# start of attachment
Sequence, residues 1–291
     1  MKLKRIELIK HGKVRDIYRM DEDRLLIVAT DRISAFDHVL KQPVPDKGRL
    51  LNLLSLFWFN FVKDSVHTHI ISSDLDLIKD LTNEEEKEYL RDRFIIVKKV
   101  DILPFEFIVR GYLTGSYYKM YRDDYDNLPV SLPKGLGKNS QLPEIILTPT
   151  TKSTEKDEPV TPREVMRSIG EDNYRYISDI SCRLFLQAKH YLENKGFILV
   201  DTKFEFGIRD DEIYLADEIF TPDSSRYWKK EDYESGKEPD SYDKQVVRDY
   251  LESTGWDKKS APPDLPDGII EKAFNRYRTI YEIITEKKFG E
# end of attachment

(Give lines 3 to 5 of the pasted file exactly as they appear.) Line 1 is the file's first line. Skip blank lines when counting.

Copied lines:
    51  LNLLSLFWFN FVKDSVHTHI ISSDLDLIKD LTNEEEKEYL RDRFIIVKKV
   101  DILPFEFIVR GYLTGSYYKM YRDDYDNLPV SLPKGLGKNS QLPEIILTPT
   151  TKSTEKDEPV TPREVMRSIG EDNYRYISDI SCRLFLQAKH YLENKGFILV